An unprecedented decision to let the lawyer for a man facing terrorism charges see a secret U.S. intelligence court filing was reversed as an appeals panel ruled the disclosure was unnecessary to set up a fair trial.
The Chicago-based court, which reviewed the classified papers and questioned a prosecutor in a hearing closed to everyone else, said today that U.S. District Judge Sharon Johnson Coleman could have decided whether to keep some evidence out of the case without letting defense attorney Thomas A. Durkin see the classified filing.
Coleman’s decision, which she said was the first ordering the government to turn over such a document to the defense, overrode objections by U.S. Attorney General Eric Holder. He contended the disclosure would harm national security.
Durkin, who represents a man accused of trying to detonate a bomb outside a downtown Chicago bar, won permission in January to view applications for intelligence gathering submitted by the U.S. to the Foreign Intelligence Surveillance Court, seeking to determine if any of the evidence against his client, Adel Daoud, was obtained illegally.
Daoud, now 20, was arrested in September 2012 in a Federal Bureau of Investigation sting operation. The bomb he allegedly attempted to set off was a fake given to him by an undercover agent.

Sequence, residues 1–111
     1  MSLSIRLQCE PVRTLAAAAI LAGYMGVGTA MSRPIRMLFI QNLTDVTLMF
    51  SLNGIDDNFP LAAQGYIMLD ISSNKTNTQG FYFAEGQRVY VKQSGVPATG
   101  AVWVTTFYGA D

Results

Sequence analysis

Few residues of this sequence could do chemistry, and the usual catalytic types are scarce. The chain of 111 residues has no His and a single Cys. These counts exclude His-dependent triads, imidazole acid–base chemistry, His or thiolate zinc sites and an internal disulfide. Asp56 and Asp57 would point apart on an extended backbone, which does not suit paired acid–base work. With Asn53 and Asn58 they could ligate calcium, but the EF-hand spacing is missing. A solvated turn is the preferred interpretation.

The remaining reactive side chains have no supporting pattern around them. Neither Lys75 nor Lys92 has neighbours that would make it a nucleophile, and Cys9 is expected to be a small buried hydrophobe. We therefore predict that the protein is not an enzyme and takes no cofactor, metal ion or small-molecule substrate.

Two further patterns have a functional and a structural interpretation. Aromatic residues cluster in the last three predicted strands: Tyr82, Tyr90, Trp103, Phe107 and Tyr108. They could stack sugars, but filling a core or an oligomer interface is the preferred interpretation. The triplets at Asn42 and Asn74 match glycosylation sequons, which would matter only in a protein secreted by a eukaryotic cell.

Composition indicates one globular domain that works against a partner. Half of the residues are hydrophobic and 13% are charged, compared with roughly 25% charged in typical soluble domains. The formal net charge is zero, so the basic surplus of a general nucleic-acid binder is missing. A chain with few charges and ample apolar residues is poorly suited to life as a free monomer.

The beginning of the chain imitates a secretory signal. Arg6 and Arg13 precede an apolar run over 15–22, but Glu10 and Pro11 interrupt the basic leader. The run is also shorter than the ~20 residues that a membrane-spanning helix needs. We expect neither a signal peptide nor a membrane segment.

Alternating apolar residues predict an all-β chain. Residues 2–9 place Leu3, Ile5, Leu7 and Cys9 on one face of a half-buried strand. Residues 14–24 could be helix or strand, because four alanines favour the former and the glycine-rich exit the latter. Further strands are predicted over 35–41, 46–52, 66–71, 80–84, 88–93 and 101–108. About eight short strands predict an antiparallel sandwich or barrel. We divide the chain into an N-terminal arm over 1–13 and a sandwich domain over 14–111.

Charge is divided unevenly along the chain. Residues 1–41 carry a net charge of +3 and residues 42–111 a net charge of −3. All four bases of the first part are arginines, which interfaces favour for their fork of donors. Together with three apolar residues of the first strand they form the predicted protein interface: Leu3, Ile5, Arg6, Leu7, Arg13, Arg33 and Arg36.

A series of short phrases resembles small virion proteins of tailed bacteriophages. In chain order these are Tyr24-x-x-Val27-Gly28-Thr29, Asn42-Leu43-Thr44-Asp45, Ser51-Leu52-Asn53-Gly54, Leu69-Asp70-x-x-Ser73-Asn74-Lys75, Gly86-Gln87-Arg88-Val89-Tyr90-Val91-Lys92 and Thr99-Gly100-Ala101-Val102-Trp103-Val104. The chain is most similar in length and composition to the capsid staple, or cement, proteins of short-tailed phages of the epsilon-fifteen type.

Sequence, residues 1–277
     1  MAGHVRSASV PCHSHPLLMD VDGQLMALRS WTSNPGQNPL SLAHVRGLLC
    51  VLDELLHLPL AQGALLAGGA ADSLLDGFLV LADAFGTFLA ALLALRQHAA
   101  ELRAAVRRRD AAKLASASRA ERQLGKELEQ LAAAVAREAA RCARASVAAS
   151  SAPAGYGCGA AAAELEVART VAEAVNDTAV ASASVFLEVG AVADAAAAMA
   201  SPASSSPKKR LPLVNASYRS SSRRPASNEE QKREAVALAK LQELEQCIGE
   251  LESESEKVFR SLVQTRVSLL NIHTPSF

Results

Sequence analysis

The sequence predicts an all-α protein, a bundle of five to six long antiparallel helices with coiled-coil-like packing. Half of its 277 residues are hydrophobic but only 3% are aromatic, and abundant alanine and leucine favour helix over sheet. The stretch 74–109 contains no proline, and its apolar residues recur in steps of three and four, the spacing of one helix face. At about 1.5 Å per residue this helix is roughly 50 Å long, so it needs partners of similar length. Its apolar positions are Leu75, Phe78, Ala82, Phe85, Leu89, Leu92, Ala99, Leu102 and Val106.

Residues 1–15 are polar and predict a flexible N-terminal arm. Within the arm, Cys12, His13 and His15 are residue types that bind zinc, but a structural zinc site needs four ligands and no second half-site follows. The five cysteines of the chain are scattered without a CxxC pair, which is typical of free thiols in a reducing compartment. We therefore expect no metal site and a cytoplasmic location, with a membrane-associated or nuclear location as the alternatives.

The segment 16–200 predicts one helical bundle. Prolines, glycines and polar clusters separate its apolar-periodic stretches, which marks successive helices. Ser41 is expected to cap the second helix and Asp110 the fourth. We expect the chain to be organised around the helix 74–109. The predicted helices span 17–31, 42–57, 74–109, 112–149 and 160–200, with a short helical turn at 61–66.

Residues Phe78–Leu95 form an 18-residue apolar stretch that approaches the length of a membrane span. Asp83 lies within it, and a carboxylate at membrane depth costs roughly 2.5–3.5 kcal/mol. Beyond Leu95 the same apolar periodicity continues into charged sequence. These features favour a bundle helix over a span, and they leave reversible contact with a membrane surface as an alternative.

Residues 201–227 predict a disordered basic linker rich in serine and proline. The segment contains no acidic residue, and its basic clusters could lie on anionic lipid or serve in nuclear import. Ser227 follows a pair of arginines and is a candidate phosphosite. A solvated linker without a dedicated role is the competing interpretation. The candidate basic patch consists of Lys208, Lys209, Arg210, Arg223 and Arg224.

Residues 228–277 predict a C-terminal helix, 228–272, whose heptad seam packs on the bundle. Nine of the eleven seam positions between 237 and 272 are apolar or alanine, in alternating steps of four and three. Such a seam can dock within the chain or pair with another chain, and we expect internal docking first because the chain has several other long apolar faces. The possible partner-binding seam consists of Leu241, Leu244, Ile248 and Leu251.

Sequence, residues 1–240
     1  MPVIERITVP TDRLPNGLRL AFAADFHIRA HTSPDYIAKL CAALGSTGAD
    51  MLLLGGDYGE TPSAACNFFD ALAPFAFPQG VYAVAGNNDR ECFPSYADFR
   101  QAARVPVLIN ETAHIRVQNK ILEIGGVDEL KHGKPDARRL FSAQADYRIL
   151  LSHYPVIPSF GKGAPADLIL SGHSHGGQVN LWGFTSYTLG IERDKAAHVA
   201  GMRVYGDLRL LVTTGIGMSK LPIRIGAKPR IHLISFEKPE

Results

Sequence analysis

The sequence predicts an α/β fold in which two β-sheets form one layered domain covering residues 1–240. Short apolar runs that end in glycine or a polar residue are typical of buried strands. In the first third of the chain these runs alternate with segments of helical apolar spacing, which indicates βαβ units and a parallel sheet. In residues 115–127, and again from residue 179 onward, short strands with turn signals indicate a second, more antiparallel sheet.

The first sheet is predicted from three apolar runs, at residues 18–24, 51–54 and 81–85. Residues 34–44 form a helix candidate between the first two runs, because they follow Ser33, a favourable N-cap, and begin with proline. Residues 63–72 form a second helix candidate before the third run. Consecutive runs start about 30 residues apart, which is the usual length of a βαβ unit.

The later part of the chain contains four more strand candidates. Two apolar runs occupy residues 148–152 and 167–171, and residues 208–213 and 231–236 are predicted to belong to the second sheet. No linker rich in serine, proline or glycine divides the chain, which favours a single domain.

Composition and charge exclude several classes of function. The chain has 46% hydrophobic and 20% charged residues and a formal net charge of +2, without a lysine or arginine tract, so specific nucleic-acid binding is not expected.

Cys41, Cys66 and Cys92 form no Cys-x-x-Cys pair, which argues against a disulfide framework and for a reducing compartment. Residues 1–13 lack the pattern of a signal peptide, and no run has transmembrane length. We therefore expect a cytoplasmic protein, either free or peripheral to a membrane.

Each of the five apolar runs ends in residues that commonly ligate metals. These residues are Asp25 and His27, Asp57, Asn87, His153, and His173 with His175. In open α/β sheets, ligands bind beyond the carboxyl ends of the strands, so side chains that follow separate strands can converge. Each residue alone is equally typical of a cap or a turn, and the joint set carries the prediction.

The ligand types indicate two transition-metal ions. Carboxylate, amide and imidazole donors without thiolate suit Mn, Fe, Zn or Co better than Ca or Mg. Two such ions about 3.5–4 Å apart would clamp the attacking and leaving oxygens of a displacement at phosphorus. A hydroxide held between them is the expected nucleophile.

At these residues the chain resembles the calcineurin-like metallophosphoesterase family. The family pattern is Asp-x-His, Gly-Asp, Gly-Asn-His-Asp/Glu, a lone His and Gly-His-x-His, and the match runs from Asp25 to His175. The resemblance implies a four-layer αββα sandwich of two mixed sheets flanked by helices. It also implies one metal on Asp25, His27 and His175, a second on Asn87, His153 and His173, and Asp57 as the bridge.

Coleman ruled that issues about the evidence could best be decided after allowing each side to argue its case knowing the contents of the secret filing.
Prosecutors immediately appealed, and today won a unanimous ruling from the three-judge panel.
“So clear is it that the materials were properly withheld from defense counsel that there is no need for a remand to enable the district judge to come to the same conclusion,” U.S. Circuit Judge Richard A. Posner wrote for himself and Judge Michael Kanne.
In a separate opinion, U.S. Circuit Judge Ilana Rovner agreed on the result while expressing some reservations.
“If disclosure of the FISA application is to be the exception rather than the rule,” she said of the government’s Foreign Intelligence Surveillance Act filing, “then we must look for a means of ensuring that FISA affiants act in good faith.”
Randall Samborn, a spokesman for Chicago U.S. Attorney Zachary Fardon, declined to comment on the appellate ruling.
“Philosophically, I could not disagree more with Judge Posner and the court,” Durkin said in an e-mailed statement. “The adversary system is the foundation of civil liberties in this country and this opinion drives another significant wedge into that time-honored process.”
Daoud faces a maximum sentence of life imprisonment if he is convicted on the more serious of the two counts he faces, attempted use of a weapon of mass destruction. His trial is scheduled for Nov. 10.
The case is U.S. v. Daoud, 14-1284, U.S. Court of Appeals, Seventh Circuit (Chicago).
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